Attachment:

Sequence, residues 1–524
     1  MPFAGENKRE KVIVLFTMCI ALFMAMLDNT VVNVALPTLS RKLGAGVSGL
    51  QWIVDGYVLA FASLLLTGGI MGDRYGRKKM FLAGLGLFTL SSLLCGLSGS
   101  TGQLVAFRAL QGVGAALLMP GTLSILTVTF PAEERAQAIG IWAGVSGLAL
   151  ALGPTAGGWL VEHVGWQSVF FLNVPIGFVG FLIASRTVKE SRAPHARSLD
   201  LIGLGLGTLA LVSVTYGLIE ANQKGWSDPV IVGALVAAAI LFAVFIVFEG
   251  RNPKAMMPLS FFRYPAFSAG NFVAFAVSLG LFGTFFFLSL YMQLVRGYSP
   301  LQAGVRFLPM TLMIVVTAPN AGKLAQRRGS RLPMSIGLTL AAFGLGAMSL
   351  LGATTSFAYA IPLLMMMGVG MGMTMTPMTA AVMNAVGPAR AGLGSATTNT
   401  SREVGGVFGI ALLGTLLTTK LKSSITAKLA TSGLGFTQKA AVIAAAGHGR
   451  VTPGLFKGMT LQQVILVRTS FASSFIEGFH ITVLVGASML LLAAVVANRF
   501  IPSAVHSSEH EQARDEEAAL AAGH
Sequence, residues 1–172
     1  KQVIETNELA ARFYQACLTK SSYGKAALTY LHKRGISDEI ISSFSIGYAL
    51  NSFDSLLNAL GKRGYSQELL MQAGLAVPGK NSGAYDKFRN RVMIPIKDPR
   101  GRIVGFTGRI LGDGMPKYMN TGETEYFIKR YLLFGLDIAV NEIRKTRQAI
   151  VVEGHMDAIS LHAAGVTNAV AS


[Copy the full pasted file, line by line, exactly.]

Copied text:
Sequence, residues 1–524
     1  MPFAGENKRE KVIVLFTMCI ALFMAMLDNT VVNVALPTLS RKLGAGVSGL
    51  QWIVDGYVLA FASLLLTGGI MGDRYGRKKM FLAGLGLFTL SSLLCGLSGS
   101  TGQLVAFRAL QGVGAALLMP GTLSILTVTF PAEERAQAIG IWAGVSGLAL
   151  ALGPTAGGWL VEHVGWQSVF FLNVPIGFVG FLIASRTVKE SRAPHARSLD
   201  LIGLGLGTLA LVSVTYGLIE ANQKGWSDPV IVGALVAAAI LFAVFIVFEG
   251  RNPKAMMPLS FFRYPAFSAG NFVAFAVSLG LFGTFFFLSL YMQLVRGYSP
   301  LQAGVRFLPM TLMIVVTAPN AGKLAQRRGS RLPMSIGLTL AAFGLGAMSL
   351  LGATTSFAYA IPLLMMMGVG MGMTMTPMTA AVMNAVGPAR AGLGSATTNT
   401  SREVGGVFGI ALLGTLLTTK LKSSITAKLA TSGLGFTQKA AVIAAAGHGR
   451  VTPGLFKGMT LQQVILVRTS FASSFIEGFH ITVLVGASML LLAAVVANRF
   501  IPSAVHSSEH EQARDEEAAL AAGH
Sequence, residues 1–172
     1  KQVIETNELA ARFYQACLTK SSYGKAALTY LHKRGISDEI ISSFSIGYAL
    51  NSFDSLLNAL GKRGYSQELL MQAGLAVPGK NSGAYDKFRN RVMIPIKDPR
   101  GRIVGFTGRI LGDGMPKYMN TGETEYFIKR YLLFGLDIAV NEIRKTRQAI
   151  VVEGHMDAIS LHAAGVTNAV AS